Roundtable European Parliament Drug Repurposing


    Empowering patients with information

    In 2018, we continued to use the expertise we have developed through our research to inform patients about their treatment options. The ACF’s Patient Information Team guides individual patients through the medical maze by giving them independent and evidence-based information about their diseases and available treatment options. We also expanded the team to three medical oncologists, two MDs and three scientists.

    Pilot Project My Cancer Navigator

    From September to December 2018, we evaluated an additional informational service featuring a more personal approach and the face-to-face assistance of a medical doctor. After enrolling 10 patients in the pilot and receiving a positive evaluation, the ACF is currently investigating the financial feasibility of a larger-scale rollout of this free service, which is aimed at cancer patients seeking targeted, easy-to-understand information tailored to their needs. The service has a high value, but it is time-consuming to provide. More, its case-by-case approach makes it challenging to cut down on hours spent per patient. The ACF strongly believes in the importance of the project and its value to the patient, and hopes to find the partners and financial means needed to further provide and extend this service.

    My Cancer Navigator

    Patients can send enquiries about treatment options to


    The Anticancer Fund 2018

    Donations have direct impacts

    In the course of 2018, we received a total of €2,537,934 from individual donors, legacies, companies and other non-profit initiatives. Amongst them, we can, since 2015, count on a significant recurrent support of Filip Balcaen (Baltisse holding). The operational costs of the ACF were, as usual, covered in full by its founder and chairman, Luc Verelst, allowing all other donations, public and private, to go entirely and exclusively to the 3 focus areas: (1) research, (2) scientific communication and patient information, and (3) policy activities.

    Foundation of Public Utility

    In 2018, the ACF became a Foundation of Public Utility under Belgian law, an official recognition that all effort is used to achieve a well-defined altruistic goal: promising cancer treatments, putting patients’ needs first. Consequently, the main destination of our budget is clinical trials. Only a small number of promising trials, carefully selected by dedicated internal and external expert researchers, can be 100% funded by the ACF. For other trials, we seek to build consortia with other organisations while making partial financial contributions. In 2018, € 1,309,995 was spent on ongoing research. At the end of the year, € 1,658,832 was earmarked for continuing projects, as timelines for clinical trials extend well beyond one year.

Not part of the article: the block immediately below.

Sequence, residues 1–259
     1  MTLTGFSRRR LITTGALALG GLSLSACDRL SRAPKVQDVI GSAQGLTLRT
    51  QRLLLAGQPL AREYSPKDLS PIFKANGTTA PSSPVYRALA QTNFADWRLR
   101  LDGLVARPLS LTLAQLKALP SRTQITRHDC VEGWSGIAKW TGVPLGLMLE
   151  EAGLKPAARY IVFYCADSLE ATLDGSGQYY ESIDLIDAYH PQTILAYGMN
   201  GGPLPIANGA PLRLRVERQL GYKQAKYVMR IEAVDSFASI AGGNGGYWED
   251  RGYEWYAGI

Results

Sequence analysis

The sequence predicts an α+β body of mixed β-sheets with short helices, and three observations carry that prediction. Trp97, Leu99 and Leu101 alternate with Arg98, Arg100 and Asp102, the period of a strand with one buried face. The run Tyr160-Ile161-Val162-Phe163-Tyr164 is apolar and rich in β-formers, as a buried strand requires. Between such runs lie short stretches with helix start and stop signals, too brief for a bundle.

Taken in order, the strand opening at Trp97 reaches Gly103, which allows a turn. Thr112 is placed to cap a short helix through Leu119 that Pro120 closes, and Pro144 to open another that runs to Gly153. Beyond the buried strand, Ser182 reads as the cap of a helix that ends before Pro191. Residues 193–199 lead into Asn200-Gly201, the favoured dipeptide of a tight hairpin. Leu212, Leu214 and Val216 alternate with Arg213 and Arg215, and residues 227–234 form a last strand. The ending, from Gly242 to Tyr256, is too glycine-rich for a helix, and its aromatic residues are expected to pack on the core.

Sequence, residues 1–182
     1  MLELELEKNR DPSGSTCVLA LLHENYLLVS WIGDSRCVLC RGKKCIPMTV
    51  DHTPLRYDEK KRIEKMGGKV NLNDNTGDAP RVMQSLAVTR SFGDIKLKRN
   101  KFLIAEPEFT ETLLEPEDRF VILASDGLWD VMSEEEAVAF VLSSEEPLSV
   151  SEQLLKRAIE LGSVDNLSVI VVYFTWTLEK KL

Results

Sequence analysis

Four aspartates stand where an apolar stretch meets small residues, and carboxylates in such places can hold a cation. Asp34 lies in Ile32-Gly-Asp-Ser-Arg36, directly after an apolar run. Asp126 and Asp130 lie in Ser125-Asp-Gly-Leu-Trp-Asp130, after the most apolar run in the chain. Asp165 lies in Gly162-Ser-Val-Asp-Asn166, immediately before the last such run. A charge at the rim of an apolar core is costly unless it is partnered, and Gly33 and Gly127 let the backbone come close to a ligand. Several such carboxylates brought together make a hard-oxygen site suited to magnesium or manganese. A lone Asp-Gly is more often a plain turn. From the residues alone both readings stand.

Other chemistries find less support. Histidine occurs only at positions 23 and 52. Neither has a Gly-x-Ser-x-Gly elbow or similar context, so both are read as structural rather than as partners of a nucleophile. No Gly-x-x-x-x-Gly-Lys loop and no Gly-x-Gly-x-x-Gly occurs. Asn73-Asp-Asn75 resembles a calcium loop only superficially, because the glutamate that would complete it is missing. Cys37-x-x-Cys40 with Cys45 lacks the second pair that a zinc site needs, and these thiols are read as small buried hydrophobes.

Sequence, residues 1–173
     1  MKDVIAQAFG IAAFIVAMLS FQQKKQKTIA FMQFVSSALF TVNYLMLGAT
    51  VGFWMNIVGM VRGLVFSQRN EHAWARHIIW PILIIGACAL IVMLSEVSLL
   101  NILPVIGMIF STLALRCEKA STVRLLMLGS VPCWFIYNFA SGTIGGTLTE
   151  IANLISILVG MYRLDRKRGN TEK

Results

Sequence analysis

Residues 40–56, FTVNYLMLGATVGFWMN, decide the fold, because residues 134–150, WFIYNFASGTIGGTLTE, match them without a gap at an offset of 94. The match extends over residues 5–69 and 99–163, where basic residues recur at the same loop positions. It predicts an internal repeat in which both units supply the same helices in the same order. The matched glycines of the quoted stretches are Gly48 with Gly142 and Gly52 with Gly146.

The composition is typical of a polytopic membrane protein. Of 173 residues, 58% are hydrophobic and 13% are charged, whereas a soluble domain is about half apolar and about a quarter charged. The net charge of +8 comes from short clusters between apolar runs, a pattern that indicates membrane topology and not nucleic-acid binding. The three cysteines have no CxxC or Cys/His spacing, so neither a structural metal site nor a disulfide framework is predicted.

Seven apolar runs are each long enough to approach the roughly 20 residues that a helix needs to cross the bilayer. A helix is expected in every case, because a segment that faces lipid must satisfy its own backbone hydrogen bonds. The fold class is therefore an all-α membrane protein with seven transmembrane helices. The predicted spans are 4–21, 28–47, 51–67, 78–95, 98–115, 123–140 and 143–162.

ACF scientists also assisted third-party scientists in obtaining grants from other foundations. Our support resulted in funding for several research projects, but this activity is not included in the ACF’s financial results as the funding was directly transferred from the source organisation to the executing research group.

    Unfortunately, we have a longlist of potential treatments to explore but are short of funding to bring them to clinical trials and research their potential.

    Earmarked donor support

    Some donors dedicate their donation to a specific project.

    • € 20,000 was raised by Bazart for My Cancer Navigator through performance proceeds gathered during the Warmste Week organised by the Flemish radio station ‘Studio Brussel’.
    • € 24,000 was donated by Jolipa for My Cancer Navigator.
    • € 30,000 was committed by De Nationale Loterij for the PRIMMO trial.
    • € 348,000 was donated by an anonymous donor for the pancreatic cancer trial PROSPER.
    • € 80,000 and € 150,000 were committed by Alexine Clarysse and KickCancer respectively, to fund the METRO-PD1 paediatric cancer trial.